Iron, zinc and PMS
American Journal of Epidemiology (2013) DOI:10.1093/aje/kws363
A high intake of iron and zinc seems to reduce the risk of premenstrual syndrome (PMS), an analysis of the Nurses' Health Study II suggests. Conversely, high potassium levels seem to increase PMS risk.
The authors compared food frequency questionnaires completed by 1,057 women with PMS and 1968 controls. After adjusting for calcium intake and other factors, researchers divided women into quintiles based on intake of nonhaeme iron, the form of the mineral found primarily in plants and supplements. Women in the highest quintile of nonhaeme iron intake (median 49.2 mg/day) were 36 per cent less likely to develop PMS than those in the lowest quintile (median 9.4 mg/day).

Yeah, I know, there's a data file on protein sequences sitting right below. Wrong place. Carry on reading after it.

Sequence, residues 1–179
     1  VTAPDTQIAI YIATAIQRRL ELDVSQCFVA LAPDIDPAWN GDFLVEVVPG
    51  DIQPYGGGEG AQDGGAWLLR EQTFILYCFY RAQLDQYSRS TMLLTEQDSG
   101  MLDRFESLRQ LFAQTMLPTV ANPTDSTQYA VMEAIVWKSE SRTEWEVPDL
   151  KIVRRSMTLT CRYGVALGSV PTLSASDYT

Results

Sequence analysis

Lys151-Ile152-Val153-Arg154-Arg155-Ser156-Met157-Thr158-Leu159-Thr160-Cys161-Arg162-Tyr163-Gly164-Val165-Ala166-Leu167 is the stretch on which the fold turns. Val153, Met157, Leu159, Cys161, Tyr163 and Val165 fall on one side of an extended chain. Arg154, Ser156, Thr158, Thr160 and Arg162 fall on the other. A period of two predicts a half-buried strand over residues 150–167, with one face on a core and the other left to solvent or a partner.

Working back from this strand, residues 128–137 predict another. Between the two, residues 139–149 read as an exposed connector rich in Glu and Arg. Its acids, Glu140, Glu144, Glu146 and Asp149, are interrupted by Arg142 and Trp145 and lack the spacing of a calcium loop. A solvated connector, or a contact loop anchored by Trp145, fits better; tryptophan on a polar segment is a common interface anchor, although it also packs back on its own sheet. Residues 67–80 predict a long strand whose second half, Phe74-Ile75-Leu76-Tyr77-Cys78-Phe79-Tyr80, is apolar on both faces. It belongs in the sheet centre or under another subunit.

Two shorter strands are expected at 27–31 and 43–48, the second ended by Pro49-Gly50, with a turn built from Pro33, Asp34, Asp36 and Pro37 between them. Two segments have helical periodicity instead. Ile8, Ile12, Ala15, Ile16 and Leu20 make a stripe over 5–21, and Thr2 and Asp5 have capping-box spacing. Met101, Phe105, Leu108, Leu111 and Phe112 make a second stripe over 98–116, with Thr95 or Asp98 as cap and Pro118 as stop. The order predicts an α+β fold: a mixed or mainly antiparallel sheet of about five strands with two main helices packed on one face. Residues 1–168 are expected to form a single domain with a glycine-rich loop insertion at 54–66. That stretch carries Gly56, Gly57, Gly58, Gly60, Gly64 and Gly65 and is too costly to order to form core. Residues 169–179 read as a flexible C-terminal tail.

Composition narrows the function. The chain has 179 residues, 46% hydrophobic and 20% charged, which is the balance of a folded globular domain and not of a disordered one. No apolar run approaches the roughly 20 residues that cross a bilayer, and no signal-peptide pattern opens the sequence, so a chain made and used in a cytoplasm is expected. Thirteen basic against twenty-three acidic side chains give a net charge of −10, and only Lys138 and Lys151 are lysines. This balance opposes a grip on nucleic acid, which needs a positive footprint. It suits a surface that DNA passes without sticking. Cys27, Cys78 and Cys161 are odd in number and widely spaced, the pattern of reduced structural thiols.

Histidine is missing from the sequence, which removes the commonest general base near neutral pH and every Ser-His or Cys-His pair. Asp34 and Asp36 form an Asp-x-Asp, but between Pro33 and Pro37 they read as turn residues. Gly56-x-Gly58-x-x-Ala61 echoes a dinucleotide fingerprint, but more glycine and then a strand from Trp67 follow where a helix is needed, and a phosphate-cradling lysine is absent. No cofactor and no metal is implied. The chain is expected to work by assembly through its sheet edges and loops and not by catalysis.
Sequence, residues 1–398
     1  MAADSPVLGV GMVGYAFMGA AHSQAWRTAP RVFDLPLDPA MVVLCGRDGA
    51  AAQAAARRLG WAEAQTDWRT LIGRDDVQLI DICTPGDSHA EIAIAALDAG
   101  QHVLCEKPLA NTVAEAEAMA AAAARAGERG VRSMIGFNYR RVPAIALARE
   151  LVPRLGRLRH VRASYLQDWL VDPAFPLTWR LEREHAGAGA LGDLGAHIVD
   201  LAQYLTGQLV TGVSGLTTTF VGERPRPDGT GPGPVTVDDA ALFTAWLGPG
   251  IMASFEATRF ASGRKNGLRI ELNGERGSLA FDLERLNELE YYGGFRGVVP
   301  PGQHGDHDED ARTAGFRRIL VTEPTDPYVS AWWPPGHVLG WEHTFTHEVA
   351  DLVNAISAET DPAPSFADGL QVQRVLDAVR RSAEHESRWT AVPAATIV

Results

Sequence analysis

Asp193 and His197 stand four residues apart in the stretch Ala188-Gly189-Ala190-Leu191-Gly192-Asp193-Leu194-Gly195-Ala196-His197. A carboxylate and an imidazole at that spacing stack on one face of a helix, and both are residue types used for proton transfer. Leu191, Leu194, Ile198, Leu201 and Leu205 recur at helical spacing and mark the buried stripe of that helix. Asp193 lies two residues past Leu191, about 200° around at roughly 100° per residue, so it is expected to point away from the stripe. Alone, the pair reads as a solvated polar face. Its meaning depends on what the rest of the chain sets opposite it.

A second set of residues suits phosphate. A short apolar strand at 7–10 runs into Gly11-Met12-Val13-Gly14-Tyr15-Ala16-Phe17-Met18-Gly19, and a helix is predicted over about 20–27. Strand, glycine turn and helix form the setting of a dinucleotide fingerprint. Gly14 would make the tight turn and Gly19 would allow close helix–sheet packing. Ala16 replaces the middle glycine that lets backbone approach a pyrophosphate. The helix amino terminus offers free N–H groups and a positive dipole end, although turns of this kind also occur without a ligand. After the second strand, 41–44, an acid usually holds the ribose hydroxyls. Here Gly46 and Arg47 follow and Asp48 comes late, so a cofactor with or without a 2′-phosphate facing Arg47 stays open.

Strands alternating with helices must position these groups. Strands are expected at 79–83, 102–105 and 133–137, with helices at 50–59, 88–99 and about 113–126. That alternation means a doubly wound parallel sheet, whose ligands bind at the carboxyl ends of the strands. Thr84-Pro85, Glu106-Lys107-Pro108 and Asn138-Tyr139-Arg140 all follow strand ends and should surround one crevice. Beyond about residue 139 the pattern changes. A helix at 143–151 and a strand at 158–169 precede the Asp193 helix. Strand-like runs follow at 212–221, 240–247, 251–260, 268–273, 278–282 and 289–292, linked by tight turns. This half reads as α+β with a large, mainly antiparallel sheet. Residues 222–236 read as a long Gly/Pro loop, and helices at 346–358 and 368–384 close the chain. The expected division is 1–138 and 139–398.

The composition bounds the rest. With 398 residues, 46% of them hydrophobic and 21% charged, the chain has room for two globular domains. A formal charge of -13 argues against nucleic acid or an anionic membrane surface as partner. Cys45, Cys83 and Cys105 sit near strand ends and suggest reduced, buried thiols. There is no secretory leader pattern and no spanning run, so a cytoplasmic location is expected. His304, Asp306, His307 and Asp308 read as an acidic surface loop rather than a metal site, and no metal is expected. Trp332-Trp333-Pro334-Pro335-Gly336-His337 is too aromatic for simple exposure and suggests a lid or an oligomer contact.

High zinc intake from supplements (≥25 mg/day) reduced PMS risk by 31 per cent (versus non-users). Women in the highest quintile of potassium intake (median 3.7g/day) were 46 per cent more likely to develop PMS than those in the lowest (median 2.3g/day). These associations are biologically plausible. E.g iron is a cofactor for tryptophan hydroxylase, the enzyme that converts tryptophan into a precursor (5-hydroxytryptophan) of serotonin.
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